I just met a stranger. A gentleman off LinkedIn.

His name was Sam and he was just shy of twice my age.

I regularly reach out to people on LinkedIn that have bios that look respectable.

I introduced myself and after he accepted the connection I asked if there was anything that I could help him with? Anything in my scope of knowledge that would be valuable to him?

I didn’t sell him.

I didn’t pitch anything at him.

I didn’t ask for anything.

I gave.

He mentioned that he’s basically retired at this point. I told him that was a-okay with me and that I was sincere in giving. I wasn’t out to sale him anything.

We both agreed to meet up at Starbucks.

Starbucks

Neither of us had any agenda. We just talked.

And it was one of the better conversations that I’ve had in a long time.

We had both shared entrepreneur success stories and reflections on our journeys. We talked about our family, our wives, and appreciation for time with our kids.

Before we knew it, an hour had flown by.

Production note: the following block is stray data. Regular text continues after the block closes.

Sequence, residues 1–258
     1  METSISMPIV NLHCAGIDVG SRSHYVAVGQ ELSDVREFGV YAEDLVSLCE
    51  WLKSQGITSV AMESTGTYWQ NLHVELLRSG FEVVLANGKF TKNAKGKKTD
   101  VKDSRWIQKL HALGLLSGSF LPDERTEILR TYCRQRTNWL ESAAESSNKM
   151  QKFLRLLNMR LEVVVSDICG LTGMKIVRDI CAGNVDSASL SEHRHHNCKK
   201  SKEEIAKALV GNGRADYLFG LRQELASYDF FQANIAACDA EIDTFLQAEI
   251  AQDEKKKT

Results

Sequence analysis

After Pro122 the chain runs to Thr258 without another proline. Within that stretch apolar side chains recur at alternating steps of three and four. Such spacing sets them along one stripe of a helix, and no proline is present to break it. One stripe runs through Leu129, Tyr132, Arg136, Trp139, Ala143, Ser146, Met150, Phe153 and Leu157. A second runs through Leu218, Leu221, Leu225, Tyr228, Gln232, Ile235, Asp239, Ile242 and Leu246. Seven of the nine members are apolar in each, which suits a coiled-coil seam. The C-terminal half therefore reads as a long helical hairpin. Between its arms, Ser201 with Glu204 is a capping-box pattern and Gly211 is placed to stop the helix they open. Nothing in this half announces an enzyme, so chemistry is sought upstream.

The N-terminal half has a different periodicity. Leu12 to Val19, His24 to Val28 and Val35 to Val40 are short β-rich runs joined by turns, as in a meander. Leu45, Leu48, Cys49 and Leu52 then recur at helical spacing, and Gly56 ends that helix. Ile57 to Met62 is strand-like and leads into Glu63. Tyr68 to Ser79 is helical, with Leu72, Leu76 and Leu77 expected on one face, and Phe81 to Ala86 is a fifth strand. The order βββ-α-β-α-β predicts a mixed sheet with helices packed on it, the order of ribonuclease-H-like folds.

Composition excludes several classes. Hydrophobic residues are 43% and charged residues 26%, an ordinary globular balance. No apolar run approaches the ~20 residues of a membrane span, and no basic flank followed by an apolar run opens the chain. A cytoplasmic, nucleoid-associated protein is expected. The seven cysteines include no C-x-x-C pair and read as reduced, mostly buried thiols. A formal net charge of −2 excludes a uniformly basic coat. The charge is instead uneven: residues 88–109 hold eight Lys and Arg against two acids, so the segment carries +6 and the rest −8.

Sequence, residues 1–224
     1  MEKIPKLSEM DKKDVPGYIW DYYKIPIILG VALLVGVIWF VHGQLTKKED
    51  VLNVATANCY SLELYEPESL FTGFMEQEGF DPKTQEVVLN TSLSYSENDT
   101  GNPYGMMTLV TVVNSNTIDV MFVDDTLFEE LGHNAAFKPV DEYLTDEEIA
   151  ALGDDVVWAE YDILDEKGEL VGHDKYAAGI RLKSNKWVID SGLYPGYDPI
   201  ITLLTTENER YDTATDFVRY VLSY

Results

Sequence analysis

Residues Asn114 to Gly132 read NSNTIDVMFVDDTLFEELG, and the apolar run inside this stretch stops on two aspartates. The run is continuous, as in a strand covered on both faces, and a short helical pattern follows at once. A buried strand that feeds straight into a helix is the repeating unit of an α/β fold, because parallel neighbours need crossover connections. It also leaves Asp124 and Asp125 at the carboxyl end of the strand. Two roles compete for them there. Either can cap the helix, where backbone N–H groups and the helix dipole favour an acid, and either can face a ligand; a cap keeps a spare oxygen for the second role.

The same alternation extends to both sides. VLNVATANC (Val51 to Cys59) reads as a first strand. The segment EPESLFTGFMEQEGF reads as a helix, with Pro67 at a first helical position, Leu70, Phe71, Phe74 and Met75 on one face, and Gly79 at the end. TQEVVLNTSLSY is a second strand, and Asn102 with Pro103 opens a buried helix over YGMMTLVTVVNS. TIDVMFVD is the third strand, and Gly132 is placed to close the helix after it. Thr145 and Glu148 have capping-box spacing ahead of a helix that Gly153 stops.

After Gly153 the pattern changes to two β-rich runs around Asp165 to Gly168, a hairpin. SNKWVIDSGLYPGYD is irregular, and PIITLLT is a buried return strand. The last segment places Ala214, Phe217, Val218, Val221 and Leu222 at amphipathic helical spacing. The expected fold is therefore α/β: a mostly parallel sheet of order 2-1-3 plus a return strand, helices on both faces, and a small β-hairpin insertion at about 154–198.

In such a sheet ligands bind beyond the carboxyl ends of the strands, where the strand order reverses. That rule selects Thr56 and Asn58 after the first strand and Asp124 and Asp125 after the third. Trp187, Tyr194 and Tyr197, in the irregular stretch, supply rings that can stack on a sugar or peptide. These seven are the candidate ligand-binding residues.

There wasn’t a moment of pressure to close any deals or any awkward silence.

I’ve reached out to hundreds of others on LinkedIn. Few result in lunch. None have matched my coffee with Sam.

Why?

Because, unfortunately, everyone is always selling everyone.

Few are giving first.

I don’t blame the others that declined my offer when I extended advice, or interest in meeting up. Society has conditioned us to be defensive. We are hyper-sensitive to avoid walking into sales pitches concealed as lunches.

I also don’t blame others for being the ones to screw that up by overselling everyone with their hustle and always wanting to close deals. Everyone deserves success. However, what everyone is missing in being excessive with the pitches is connecting with people on a deeper level.

While that’s all that I’m out for, establishing relationships, I’m willing to bet that the people who are only in it to close deals… they’d sell more by not trying to sell at all.

Connect with people first. The rest will sell itself.

Comments